THE BLOG
10/09/2014 04:31 pm ET Updated Dec 06, 2017

WHY Crime Writing With Kids Is Murder

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So I've just bashed a man across the head with his vintage, 1920's Gibson guitar, there's blood spurting everywhere, globs of brain matter are oozing though the crack in his skull, and there's a look of shock and betrayal in his fluttering green eyes. We're in a dank, Berlin apartment, I'm spouting Italian and he's looking crazily confused as he takes his final gasping breaths. He'd just given me a lift from Riomaggiore, he'd thought I was a good guy, so why ... why ...?!
"Muuuum! Can you come here?"

Huh? What? Who? Damn it, there goes that thread again.

Writing with kids in the house can lead to murderous thoughts, but not a lot of actual crime writing. I'm two-thirds of the way through my fifth Ghostwriter Mystery and now that the holidays have struck, it's all starting to go AWOL. Sort of like attempting to drive a manual vehicle when you've only ever driven automatic, it's a case of spits and spurts, bunny hops and splutters, and you occasionally make ground but you never really get anywhere. Not in a hurry, anyway.

"Mum! Felix can't find his money."

There he goes again. Except that's the other one. I have two sons, you see, so it's twice the battle and half the luck.

"Well, it's your fault for having us," says Son Number One, reading over my shoulder as I write this blog. He's the older one, the cheekier one, the one who should know better. "Geeze, it sounds like you absolutely hate us," he adds.

"I don't hate you," I quickly reply, trying to shield the screen with my body. "I'm just trying to get some work done, that's all."

"Muuum, I can't find my money." That's Son Number Two again. He's now joined us in my home office (oxymoron, anyone?), confused why I didn't jump to attention the second he started screaming. "What are you writing?" he asks, confusion turning to curiosity as he, too, peers over my shoulder.

"Mum hates us," explains Son Number One.

"I do not!"

"Er, yeah, you do. Says so right there on your blog."

"I'm just explaining to my readers why it's so hard to finish novels with you kids around. Now, if you'll let me get on with it, I'll stop writing about you."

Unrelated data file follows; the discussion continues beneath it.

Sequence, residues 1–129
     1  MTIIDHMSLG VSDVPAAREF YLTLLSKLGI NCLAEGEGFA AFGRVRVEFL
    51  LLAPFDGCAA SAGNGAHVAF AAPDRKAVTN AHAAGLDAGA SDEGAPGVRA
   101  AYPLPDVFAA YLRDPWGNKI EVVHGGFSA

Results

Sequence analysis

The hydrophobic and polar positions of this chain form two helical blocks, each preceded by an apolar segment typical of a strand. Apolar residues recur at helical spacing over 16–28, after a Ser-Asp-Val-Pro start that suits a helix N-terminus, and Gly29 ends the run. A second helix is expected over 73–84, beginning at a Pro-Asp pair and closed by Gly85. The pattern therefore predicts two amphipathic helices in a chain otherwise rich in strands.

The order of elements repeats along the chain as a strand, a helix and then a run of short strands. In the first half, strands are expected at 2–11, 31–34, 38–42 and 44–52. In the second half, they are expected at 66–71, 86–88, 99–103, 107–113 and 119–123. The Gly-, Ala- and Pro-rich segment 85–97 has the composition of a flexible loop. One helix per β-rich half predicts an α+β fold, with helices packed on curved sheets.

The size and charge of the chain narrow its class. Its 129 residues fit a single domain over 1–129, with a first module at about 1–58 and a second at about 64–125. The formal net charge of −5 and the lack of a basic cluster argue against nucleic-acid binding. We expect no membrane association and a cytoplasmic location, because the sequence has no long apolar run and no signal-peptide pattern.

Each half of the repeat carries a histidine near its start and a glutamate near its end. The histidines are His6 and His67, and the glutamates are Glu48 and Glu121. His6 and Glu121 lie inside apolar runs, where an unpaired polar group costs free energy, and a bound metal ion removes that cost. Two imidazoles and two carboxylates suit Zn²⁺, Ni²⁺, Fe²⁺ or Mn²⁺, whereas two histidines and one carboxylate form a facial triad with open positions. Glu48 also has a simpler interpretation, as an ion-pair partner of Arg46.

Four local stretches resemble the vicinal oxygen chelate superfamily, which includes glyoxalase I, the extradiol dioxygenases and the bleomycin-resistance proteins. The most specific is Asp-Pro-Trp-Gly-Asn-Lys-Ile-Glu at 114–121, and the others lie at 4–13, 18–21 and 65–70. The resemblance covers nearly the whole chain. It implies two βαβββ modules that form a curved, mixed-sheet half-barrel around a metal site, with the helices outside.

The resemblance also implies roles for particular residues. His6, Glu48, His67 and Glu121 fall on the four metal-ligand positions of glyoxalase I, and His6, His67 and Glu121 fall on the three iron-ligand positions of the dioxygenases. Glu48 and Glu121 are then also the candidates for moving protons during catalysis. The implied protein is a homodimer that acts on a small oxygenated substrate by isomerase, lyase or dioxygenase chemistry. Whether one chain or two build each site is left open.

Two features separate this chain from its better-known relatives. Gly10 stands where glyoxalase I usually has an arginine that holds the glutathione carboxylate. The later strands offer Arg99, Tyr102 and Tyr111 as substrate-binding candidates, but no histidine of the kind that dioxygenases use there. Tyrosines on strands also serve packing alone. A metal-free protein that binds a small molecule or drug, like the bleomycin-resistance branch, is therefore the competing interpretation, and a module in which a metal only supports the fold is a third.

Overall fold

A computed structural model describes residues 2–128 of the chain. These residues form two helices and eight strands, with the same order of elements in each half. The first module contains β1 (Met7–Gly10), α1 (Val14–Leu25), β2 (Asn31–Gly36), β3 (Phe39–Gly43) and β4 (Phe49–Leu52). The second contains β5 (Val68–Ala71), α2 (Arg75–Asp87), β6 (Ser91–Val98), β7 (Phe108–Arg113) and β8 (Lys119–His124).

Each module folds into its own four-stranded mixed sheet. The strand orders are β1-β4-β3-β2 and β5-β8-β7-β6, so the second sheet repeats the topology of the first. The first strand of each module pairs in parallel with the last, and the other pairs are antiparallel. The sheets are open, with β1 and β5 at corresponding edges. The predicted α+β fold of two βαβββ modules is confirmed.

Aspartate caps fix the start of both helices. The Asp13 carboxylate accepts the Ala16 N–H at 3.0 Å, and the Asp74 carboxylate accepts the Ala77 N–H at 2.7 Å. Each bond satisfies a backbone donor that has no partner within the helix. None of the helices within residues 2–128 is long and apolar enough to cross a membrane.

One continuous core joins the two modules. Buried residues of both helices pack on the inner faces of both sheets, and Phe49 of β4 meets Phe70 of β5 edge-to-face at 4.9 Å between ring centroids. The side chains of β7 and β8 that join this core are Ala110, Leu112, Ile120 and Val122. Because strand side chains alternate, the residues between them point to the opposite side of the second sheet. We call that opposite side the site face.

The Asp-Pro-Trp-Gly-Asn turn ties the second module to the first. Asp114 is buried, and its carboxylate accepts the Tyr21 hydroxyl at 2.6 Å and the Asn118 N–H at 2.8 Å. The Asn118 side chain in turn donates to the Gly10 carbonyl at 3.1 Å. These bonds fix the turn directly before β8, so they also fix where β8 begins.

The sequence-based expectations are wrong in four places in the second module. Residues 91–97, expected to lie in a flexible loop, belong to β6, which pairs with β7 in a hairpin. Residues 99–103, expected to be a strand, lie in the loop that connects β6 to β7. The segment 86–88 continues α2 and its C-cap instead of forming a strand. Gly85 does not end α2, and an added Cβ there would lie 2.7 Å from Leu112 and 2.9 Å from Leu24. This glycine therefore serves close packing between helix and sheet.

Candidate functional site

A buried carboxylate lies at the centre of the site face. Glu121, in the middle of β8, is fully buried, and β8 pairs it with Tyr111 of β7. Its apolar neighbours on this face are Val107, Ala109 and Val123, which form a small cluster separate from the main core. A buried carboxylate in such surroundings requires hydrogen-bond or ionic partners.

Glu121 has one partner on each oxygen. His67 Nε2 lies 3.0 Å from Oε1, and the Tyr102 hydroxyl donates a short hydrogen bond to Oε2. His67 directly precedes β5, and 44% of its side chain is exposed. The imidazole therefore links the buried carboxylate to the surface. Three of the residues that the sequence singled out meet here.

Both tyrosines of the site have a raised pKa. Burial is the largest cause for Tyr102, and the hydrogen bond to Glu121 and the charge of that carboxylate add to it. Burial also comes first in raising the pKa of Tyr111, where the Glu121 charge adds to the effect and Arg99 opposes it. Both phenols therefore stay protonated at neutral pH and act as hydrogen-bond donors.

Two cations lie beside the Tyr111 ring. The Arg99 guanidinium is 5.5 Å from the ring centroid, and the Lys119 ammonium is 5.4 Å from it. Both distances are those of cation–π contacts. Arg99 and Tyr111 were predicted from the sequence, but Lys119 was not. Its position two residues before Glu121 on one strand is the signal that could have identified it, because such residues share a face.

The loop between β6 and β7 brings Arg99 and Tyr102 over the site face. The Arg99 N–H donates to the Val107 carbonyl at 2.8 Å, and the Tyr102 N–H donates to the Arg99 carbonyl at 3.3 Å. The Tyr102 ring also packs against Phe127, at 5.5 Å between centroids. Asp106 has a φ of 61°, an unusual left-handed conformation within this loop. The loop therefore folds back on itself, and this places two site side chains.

"But what about my money?" demands Son Number Two.

I sigh, stop typing and turn to face him. "Why do you need your money, sweetie?"

"Because I want you to take me shopping to buy the new Ratchet & Clank PS3 game. It's on special at EB Games."

"Shopping? Really? I don't think so, Felix. I really need to finish a few chapters today."

"But Mum, I'm really bored."

"And then we'll have something to do and we'll leave you aloooone," adds the other one, the older one. Did I mention he was cheekier?

At some point, this point to be precise, I start screaming like a crazed killer and they rush out of the room knowing they've pushed me too far, and I'm left alone for a few peaceful minutes.

As I try to regroup my thoughts--Berlin, busted skull, feelings of betrayal--I can't help thinking of the 1940s crime novel titled Who Would Murder a Baby? Written by Australia's first Queen of Crime and mother of six, June Wright, it was a minor hit in its day and the author went on to write six crime novels in all, each one set in 1940's Melbourne, the era in which she was writing.

Once a telephonist, Wright turned her hand to crime writing when she became a housewife and only gave it up when her husband fell ill and she needed to start earning a regular income again. Time and a misogynist landscape ensured her books were largely forgotten.

As one recent reviewer, Lucy Sussex, wrote:

"Australia is a very sexist country and we tend to forget women's achievements ... There's always been a tradition of good women's writing but we privilege males. This is a country that's still coming to terms with women's writing, just as it was in her time."

It's sad, but true, yet that's not what I'm thinking about now. Instead I recall a comment the author herself made when one (no doubt male) reporter dared to criticise the title Who Would Murder a Baby?

In a crisp, deadpan tone, she replied,

"Obviously you know nothing of the homicidal instincts sometimes aroused in a mother by her children. After a particularly exasperating day, it is a relief to murder a few characters in your book instead."

I had to laugh.

Wright's books are currently being resurrected by a US publisher (of course), called Verse Chorus Press. The first is titled Murder in the Telephone Exchange and its protagonist is a fiery telephonist who lives in a South Yarra boarding house. The last three have, of all things, a nun-detective as their super sleuth. I wonder if Amazon have a category to fit that one?

In any case, I can't wait to get hold of them, if only to see how a woman with six kids--including one with a severe intellectual disability no less--writing in a time when you still had to get up at dawn and light the copper (whatever the hell that is), managed to pull it off.

I'm thinking now how lucky I've got it, how little I have to complain about. That is, until Son Number Two starts screeching again from a distant bedroom: "Muuum, I can't find my socks!"

I try breathing deeply. "Why do you need your socks?!" I call back.

"Because I have to put my shoes on if we're going to go to EB Games."

I growl quietly to myself, I save the pathetic three paragraphs I've managed that day, I push away from my desk and I search for the money, the socks and my car keys.

It looks like we're going shopping.